Winter Medicine from our Land

It’s happened a few times, right after I wake up in the morning, or after I come in from the cold. A tight feeling in my chest that sends a signal to my brain to say, “here we go, that’s congestion, and we’re about to get sick.” At another time in my life I would have felt hopeless, but learning the land where I live has served me in growing an herbal arsenal, which has been an incredible resource in many moments where I would not have otherwise known what to do.

Goldenrod is more commonly known for its super powers with healing kidney and liver issues. It’s a diuretic, good for expelling toxins; and it has a reputation for helping to heal urinary track infections. It is high in antioxidants, as well as helpful in mending burns, eczema and other topical wounds. The Zuni used it to treat sore throats, other indigenous groups use it for snakebites (Fischer-Rizzi, 127). Goldenrod's medicinal capabilities are extensive, but because I am prone to upper respiratory infection it's usefulness as a decongestant and cold remedy stood out to me right away. 

When my daughter Francesca, our dog Budderball, and I came inside last Tuesday after hours of shoveling, playing soccer in the snow, and building a snow fort, I felt tightness in my chest that I knew could turn into a cold. Instead of feeling dismayed, I felt a little excited knowing how well Goldenrod has worked for me in the past and feeling blessed by the opportunity to use plant medicine that grows near our home.

Goldenrod can be found across the United States, as well as in Europe and Asia; there are upwards of 80 different varieties, ranging in their healing gifts and abilities (Fischer-Rizzi, 127). Hanging from the rafters in our kitchen, I keep an assortment of herbs we harvested locally. We foreage for Goldenrod in early fall. The flowers and leaves must be gathered each year in order to retain potency (128).  Dried Goldenrod is beautiful, and I Iove the way it looks in our kitchen!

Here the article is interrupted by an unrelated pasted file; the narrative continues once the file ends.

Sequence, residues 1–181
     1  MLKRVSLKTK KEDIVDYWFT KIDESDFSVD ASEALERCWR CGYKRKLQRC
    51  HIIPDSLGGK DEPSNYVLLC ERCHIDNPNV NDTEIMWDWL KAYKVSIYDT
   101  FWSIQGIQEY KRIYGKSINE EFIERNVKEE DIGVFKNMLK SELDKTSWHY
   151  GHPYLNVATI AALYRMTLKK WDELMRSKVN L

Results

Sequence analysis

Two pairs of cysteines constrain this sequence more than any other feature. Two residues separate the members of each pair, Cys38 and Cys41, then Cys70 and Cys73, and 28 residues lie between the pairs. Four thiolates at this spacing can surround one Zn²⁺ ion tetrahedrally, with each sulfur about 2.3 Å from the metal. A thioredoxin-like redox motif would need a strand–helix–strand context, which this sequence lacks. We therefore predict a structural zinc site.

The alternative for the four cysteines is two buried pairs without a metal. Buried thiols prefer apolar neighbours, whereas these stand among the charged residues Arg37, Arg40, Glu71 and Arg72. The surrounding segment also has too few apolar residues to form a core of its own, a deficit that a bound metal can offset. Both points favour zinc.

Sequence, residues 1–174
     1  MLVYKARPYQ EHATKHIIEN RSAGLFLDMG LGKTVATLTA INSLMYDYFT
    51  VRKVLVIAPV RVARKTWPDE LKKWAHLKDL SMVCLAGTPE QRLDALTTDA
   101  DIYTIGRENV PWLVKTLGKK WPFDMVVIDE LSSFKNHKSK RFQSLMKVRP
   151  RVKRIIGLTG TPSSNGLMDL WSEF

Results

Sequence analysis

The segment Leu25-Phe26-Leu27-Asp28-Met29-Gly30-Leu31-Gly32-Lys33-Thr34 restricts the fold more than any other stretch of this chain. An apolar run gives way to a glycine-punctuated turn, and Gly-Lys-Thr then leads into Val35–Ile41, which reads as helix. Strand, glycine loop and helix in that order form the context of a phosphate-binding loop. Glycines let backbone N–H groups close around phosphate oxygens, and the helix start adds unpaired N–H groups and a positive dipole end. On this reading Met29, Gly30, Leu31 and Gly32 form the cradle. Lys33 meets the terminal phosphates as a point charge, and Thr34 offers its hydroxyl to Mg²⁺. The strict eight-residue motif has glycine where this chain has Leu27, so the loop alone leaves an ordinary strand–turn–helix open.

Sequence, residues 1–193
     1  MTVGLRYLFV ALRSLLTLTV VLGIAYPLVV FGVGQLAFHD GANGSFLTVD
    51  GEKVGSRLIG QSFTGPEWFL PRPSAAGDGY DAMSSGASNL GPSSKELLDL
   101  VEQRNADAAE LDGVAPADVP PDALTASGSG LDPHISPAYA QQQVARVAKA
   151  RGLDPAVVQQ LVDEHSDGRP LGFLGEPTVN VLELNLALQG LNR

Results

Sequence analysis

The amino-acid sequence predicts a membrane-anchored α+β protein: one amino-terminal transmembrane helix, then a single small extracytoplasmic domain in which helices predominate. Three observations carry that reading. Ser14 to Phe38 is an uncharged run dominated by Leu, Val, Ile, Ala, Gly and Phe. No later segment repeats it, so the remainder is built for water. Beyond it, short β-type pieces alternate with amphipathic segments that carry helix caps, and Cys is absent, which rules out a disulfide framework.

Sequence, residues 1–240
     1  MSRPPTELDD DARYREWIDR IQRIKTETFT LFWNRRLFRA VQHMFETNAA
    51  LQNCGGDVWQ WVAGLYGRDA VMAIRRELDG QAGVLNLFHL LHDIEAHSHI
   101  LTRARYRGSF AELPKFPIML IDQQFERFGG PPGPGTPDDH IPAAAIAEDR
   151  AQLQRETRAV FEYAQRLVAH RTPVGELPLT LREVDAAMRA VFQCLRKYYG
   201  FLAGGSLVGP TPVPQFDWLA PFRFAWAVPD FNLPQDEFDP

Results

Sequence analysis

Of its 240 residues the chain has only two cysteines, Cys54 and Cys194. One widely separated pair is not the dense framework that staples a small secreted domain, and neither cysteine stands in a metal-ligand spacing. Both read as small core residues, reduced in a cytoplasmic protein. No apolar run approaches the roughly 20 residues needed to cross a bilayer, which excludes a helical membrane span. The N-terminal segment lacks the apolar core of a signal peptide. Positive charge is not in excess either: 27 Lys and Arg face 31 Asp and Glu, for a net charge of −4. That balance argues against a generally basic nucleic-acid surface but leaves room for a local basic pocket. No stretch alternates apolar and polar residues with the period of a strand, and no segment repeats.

Simple Goldenrod Tea 

To make tea, I cut the flowers and some of the leaves from the top down. I use about 1/4 cup of dried leaves and flowers to 2 cups of water. After boiling, I cover the pot and let it set it to steep for at least 10 - 15 minutes, likely more. There are many awesome ways to work with Goldenrod, it can be made into a tincture, infused in honey (yum), has usefulness in aroma therapy, and can be made into a salve or poultice for topical use.  

Goldenrod tea has worked wonderfully, helping to keep us well through winter. I look forward to learning to use it in a number of different ways as Francesca and I continue to grow with this land. Learning and using the herbs here keeps me feeling grateful. All of the wonderful herbs we have right at our finger tips give me a feeling of love~ that I am being nurtured and cared for by this land.

If your interest is peaked by Goldenrod but finding your own herbs feels like too much or if you don’t have Goldenrod and don’t want to wait until next fall to get started, you can find it bulk here on amazon.

Love and Blessings!




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